Characteristics of Top Spending Households Age and Income
A snapshot of today’s top-spending furniture consumers looks to be high-earning married couples, in their late 30s and early 40s with young children, living in urban areas. Using data from the 2017 Consumer Expenditure Survey, this is the first factoid in a series of four factoids delving into key household characteristics – age, income, marriage/children status, occupation, population, and region.
Age and Income
Ages 35 to 44 spent an average of $663 per furniture expenditure in 2017 – the highest of the age groups. 54 percent of these older Millennials and younger Gen Xers are homeowners. Many older millennials are just now settling down, making more money, purchasing homes and buying furniture. Some of the younger Millennials (Ages 25-34) are also contributing to higher furniture expenditures. At an annual average of $538, ages 25 to 34 are spending more per purchase than ages 45 to 54 ($517).
Not surprisingly, consumers that earn more money tend to spend more on their furniture purchases. High income earners spent three-times to four-times the level of middle class house households in 2017. The jump among higher income households – those earning above $100,000 – is quite dramatic. Households with incomes between $150,000 to $199,999 spend an annual furniture expenditure average of $1,132 compared to $700 for those earning between $100,000 and $149,999 – a 61.7 percent increase.
Methodology: The CE versus the PCE
There are currently two U.S. Federal series of data that refer to household expenditures. One is produced by the Bureau of Labor Statistics, using the Consumer Expenditure Survey (CE), and the other is produced by the Bureau of Economic Analysis, Personal Consumption Expenditures (PCE). The information in the article reflects data from the CE. The CE is the only Federal household survey to provide information on the complete range of consumers' expenditures and incomes, as well as the characteristics of those consumers. It is published semi-annually with 2017 year end the most current. The PCE, which measures national consumer spending, is published monthly by the Bureau of Economic Analysis and is the main workhorse that drives economic growth. Much research continues to be done on the differences in the final estimates of consumer spending between the CE and the PCE. In terms of furniture expenditures the CE always reflects a lower average household expenditure which in 2017 calculated at a ratio of .63 versus the PCE.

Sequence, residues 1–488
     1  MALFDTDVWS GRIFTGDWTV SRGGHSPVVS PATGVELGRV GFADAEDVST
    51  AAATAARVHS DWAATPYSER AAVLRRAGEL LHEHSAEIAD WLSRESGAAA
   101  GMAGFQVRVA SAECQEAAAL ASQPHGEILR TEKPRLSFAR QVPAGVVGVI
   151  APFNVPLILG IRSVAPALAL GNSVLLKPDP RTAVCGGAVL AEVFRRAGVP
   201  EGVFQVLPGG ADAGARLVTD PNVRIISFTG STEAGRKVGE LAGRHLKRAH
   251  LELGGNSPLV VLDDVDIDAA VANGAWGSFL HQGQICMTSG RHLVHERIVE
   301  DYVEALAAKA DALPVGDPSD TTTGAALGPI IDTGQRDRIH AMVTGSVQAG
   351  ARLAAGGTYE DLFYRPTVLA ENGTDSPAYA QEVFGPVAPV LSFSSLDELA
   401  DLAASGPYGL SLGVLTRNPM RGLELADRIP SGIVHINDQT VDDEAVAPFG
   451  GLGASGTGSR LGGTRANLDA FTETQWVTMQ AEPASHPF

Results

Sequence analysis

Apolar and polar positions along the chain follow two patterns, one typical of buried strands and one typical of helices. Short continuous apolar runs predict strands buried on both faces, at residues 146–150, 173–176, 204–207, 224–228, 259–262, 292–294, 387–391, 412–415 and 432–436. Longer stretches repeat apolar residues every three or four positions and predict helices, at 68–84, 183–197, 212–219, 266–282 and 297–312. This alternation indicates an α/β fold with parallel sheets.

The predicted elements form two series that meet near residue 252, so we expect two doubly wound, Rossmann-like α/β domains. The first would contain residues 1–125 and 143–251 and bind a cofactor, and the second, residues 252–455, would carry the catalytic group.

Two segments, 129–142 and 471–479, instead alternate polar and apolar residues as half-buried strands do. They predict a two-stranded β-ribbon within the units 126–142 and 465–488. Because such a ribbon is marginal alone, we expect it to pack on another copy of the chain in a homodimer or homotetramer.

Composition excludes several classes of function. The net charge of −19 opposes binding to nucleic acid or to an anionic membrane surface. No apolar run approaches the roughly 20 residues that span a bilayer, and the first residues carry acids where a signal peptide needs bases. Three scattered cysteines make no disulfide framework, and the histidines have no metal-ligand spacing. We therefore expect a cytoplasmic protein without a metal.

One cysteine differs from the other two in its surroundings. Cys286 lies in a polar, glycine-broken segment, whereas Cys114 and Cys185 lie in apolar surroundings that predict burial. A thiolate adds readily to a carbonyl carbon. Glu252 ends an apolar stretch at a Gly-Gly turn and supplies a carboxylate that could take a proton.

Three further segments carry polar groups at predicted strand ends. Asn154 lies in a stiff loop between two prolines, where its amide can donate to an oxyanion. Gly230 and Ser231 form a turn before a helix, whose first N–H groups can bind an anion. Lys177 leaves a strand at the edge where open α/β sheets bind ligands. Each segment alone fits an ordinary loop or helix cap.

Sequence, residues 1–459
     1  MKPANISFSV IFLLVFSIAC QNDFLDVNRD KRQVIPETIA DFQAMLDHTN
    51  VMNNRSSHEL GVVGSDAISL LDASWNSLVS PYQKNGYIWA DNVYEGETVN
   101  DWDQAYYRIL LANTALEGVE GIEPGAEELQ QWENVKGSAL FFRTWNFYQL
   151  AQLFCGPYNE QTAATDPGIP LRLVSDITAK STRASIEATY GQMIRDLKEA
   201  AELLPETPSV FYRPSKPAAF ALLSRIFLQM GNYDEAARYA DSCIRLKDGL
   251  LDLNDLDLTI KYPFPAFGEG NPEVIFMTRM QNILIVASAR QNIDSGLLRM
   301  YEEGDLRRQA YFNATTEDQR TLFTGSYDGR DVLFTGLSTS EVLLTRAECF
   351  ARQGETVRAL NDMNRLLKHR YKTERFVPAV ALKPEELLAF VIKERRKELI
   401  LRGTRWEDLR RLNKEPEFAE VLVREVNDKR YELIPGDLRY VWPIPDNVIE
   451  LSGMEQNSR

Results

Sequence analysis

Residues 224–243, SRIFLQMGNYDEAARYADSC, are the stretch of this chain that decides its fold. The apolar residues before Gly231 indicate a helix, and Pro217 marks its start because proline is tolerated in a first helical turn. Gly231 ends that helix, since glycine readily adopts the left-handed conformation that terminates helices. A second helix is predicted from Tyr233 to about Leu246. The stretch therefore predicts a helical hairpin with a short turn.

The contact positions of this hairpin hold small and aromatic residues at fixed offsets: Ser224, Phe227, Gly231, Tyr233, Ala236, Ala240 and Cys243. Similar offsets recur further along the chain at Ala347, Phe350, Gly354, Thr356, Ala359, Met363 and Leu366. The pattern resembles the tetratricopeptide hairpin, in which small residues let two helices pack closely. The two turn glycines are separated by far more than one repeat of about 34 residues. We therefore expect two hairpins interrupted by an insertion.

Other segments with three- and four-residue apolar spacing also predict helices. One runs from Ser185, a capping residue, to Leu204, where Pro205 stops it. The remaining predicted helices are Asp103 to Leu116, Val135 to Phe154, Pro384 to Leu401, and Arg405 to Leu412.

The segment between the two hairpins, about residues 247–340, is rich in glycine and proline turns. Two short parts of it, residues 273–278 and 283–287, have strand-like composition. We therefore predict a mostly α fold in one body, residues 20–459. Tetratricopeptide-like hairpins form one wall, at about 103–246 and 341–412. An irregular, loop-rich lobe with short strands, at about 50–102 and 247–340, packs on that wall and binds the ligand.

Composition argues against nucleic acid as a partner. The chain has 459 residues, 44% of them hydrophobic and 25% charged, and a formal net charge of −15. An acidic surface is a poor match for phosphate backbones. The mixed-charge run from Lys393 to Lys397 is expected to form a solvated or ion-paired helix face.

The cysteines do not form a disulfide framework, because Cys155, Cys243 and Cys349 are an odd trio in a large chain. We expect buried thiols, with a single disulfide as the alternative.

Source: Consumer Expenditure Survey 2017, Bureau of Labor Statistics, which in 2017 calculated at a ratio of .63 versus Personal Consumption Expenditures published by the Bureau of Economic Analysis (see methodology box below “ Methodology: The CE versus the PCE”